Answering Cambodia's Call
As David Oleson (BS ’16) sat on the plane to return home from a two-year mission to Cambodia, he had the distinct feeling that his relationship with this country was far from over. “I felt that I needed to prepare to go back to Cambodia to continue to learn and to serve,” says Oleson. After getting to know the people and seeing “a combination of burdens and challenges,” Oleson knew that he would be back someday with the resources to heal the people he had come to love.
In Cambodia, Oleson met many people who faced challenges in finding health care, especially in more rural parts of the country. Though he offered the help he could as a missionary, Oleson felt he had more to give. When Oleson returned to BYU, reverse culture shock left him depressed. Eventually, he sought support from BYU’s counseling program. “Through that process I actually got to know myself really well and realize that I really liked the idea of healing through the atoning power of Jesus Christ, but with the help of a counselor.” This experience sparked Oleson’s desire to help those who struggle with mental health issues.
Oleson decided to study neuroscience and began looking into medical schools. He and his wife, Emily, weren’t sure if they could have children and take on the challenge of medical school at the same time. “I actually applied to a handful of medical schools not knowing if I would end up going,” Oleson says. But after being accepted to multiple schools and seeking revelation, he knew this opportunity would never come again. He enrolled at the Baylor College of Medicine. During his first three years of medical school, he was awakened to the reality of academic competition. “It can be intimidating to be in a class with a lot of really smart people,” he recalls. At times, doubts crept in and threatened Oleson’s sense of self-worth. During those times, he would recall his mother’s words: “It doesn’t matter how smart you are, what matters is being a good person.” Oleson’s mother was raised in Korea, where education is a top priority, but character is, too. He says, “To hear someone reaffirm that to me throughout my childhood is something that has really guided me and helped me.”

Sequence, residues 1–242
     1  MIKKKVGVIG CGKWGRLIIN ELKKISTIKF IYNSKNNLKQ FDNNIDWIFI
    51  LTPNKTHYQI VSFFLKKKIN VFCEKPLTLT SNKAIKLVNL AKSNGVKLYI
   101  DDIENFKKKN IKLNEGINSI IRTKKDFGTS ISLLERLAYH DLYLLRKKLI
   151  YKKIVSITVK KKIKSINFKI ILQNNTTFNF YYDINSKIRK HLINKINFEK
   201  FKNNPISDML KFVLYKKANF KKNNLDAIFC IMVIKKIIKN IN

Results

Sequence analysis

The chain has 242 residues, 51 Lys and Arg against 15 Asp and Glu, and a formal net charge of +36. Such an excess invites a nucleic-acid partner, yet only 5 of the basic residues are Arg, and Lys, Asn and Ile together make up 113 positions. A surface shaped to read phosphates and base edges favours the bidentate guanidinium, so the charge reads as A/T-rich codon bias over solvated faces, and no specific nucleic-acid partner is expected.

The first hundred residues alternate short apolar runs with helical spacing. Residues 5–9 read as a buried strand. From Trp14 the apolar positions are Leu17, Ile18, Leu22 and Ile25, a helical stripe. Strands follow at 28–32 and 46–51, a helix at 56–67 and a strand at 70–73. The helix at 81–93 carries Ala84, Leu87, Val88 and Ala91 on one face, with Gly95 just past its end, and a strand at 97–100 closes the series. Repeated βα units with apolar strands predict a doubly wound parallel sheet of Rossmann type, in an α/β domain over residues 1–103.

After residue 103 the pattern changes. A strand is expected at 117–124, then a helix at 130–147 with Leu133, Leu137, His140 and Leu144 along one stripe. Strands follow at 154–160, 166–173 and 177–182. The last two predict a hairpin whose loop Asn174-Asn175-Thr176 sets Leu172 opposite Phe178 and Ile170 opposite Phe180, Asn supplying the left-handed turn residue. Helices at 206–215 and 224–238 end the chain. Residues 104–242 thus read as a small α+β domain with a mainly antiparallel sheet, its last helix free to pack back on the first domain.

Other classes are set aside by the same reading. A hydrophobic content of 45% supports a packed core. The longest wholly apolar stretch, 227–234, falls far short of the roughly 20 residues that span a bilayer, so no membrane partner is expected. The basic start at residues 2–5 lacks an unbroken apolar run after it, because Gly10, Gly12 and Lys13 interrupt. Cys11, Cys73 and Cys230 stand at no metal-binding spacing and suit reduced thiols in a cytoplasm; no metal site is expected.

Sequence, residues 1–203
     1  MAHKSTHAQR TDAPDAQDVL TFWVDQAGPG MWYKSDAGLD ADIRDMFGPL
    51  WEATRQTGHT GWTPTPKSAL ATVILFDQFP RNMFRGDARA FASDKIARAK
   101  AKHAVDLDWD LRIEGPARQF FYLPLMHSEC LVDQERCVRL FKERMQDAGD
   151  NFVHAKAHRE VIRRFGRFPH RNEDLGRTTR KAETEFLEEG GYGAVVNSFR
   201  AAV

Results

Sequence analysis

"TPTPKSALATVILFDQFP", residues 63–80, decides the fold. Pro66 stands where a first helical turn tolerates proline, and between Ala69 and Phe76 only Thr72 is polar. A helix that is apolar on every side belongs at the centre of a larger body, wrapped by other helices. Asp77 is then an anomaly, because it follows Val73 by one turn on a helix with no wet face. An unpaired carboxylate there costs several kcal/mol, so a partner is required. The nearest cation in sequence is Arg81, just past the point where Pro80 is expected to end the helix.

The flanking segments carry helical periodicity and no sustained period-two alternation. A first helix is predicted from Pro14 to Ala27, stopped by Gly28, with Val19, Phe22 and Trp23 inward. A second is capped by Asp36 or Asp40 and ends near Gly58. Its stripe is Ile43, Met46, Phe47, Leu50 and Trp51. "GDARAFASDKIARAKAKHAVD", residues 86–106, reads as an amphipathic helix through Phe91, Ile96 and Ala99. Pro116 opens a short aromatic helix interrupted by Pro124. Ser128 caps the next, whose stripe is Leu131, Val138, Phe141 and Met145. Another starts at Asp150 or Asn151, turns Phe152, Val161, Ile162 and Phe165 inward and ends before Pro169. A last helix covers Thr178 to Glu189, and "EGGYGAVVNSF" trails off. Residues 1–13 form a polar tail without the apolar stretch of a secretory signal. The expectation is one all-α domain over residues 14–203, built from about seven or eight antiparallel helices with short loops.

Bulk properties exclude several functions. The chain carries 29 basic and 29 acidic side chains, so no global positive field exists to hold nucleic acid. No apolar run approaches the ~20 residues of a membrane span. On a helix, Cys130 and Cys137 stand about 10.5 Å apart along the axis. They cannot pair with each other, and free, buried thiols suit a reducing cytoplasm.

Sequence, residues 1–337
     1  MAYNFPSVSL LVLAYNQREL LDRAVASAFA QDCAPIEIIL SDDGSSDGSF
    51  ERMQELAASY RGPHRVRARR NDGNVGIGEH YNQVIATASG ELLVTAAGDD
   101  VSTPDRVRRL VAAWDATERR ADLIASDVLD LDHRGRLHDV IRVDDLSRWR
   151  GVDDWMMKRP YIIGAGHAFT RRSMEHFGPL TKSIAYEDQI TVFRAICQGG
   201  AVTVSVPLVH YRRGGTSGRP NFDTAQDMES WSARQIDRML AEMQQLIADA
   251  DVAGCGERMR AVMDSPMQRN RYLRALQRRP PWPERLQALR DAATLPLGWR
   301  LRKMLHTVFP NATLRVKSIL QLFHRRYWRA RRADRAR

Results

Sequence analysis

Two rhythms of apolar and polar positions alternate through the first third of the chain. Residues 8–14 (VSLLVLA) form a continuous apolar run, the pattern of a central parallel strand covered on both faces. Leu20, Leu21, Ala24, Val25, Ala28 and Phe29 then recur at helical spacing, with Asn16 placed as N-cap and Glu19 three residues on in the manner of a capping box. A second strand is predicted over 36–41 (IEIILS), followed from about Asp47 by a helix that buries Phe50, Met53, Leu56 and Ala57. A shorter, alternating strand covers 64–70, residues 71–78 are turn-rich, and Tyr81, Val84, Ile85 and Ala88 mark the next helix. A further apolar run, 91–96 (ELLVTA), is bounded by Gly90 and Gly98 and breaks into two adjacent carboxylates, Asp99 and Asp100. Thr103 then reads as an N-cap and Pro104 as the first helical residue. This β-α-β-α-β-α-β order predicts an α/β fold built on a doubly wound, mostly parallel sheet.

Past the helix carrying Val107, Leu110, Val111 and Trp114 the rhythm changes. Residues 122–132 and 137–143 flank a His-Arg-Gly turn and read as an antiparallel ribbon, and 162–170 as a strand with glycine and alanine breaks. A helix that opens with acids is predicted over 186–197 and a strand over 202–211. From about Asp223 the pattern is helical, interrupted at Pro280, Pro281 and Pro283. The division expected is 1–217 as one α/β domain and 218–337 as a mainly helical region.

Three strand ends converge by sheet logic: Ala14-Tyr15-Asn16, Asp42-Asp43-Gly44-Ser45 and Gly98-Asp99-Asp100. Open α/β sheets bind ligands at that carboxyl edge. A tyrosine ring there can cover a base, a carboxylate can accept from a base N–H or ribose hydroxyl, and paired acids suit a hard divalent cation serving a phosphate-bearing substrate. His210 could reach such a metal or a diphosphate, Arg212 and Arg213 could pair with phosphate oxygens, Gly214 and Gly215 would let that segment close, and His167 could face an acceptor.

Oleson excelled at medical school, but his dream of returning to Cambodia was undiminished. He returned to the country during spring break but left without finding a concrete project. Fearing his dream would end there, he began working tirelessly to find something—anything—he could study. “The more I pushed, the more frustrated I became and the less progress I made.” Flustered, he decided to take a break. A few months later, a contact in Cambodia reached out to Oleson and suggested he study autism, something Oleson was familiar with from his undergraduate studies. This was the answer Oleson had been waiting for. He proposed the idea in his application for the Fulbright International Study Program and was accepted.
Oleson, his wife, and their two children took a year off from medical school to, with the support of the Fulbright Program, research the experiences and needs of Cambodian families who have children with autism at the KHANA Center for Population Health Research. “Overall, we were trying to change the culture to accept kids with autism and other developmental neurological differences,” explains Oleson. Even though he returned to Cambodia and fulfilled his dream, he’s not done yet. “Because of my heritage, I have always had an interest in North Korea, and helping people there. Perhaps serving in Cambodia could be a training ground of sorts for me to help in North Korea someday, when it is more possible.”
After his work with Fulbright, Oleson returned home to finish medical school and begin residency. “As much as I would love to keep going back, I know that there are many other things in store for my family and me,” Oleson says. He hopes to continue in pursuance of his two favorite BYU mottos: “Go Forth to Serve,” and “The World is Our Campus.”